MIL: As a director, you must always be on the lookout for new work and new ideas to stage. Are you looking for new material in Cambodia?

FZ: Asia is definitely a place I’m interested in working, especially China. It’s a place that’s exciting—and they’re excited about the arts there. I’m exciting about being part of that Western collaboration with them.

MIL: Given the global recession, is Asia a better place to work as a high-profile artist, especially since in your home country, the United States, the arts are usually the first thing dropped from budgets?

FZ: Historically in Asia, but now in China especially, they’re on a race to create an enormous amount of art—not only Western arts, but also build up their own. It’s like building contemporary temples, all these [new] theatres in China.

MIL: As someone who works for some of the biggest commercial entertainment firms, like Disney, as well as some of the biggest non-profit arts organisations, like Paris Opera, how have the arts been affected by the recession?

FZ: Our world is so small financially compared to the corporate world. But I think we are doing the same thing that the corporate world is doing. We are recycling, reinventing, streamlining operations—every new production has a much lower budget.  We are taking old productions and rethinking them and sprucing them up. Mostly I think everyone is trying to be pragmatic. You just have to think outside of the box, rethink what’s on the stage. You [also need] to rethink how to entice your audience, whether it’s through different programming, or programming that feels more accessible to them, or reduced ticket prices—anything that’s going to get your audience there.  We were always doing those things anyway, and now we just have to do them a lot more. You have to remember, most opera and theatre (except for the commercial theatre) is not-for-profit, so they’re answering to a very strict board, usually, and a strict budget and a set of circumstances.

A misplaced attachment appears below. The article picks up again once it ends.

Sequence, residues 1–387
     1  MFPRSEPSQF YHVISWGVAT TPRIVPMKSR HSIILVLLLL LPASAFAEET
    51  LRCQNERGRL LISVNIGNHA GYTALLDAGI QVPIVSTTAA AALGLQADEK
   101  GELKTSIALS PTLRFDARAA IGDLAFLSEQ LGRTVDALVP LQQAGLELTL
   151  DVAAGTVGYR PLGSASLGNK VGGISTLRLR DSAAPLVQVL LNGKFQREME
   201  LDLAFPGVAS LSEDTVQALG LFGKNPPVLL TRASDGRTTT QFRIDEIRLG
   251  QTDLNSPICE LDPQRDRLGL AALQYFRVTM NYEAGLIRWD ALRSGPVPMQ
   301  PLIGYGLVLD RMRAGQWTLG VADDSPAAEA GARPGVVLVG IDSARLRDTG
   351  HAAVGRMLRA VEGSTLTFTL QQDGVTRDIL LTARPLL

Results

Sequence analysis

MIL: But even in good economic times the arts struggle to seem relevant here in America.   

FZ: Yes, it’s tricky because none of these things have wide audiences in the states, the way that a commercial show might or a film or TV show. You put on an opera in Basil and everyone knows about it in Switzerland because the TV is supporting it, it’s a news item. [In Europe] the media is supporting you. [In the states] we barely have any print left for the arts. Newspapers are folding or the arts pages are folding.

MIL: And theatres here are closing. Last week it was announced that the Pasadena Playhouse, the state theatre of California, was closing it doors.

FZ: It’s a tragedy. That institution as been there for over 50 years. I know Sheldon Epps (the Playhouse’s Artistic Director). For a theatre to close it's like a peg in your heart. They’re living institutions; a living, breathing shelter that holds something that’s alive. The thought of one closing, or even when all these theatres are cutting back, it’s very hard on everyone. Everyone is working so hard to maintain an audience, to give them something they want and can afford.

MIL: In Europe, short of the apocalypse, the government would never let a state theatre close. It would be such an embarrassment.  Why do you think this is so different in America?

FZ: We have never had in America the government support. That just goes to the heart of the matter: the arts have not found their place of importance in America. I don’t want to sound like I’m complaining, because I’m grateful for whatever we get from city, state or federal funding; but its nothing compared to our European—or our Asian counterparts. It really all reflects this: what does art mean to your society?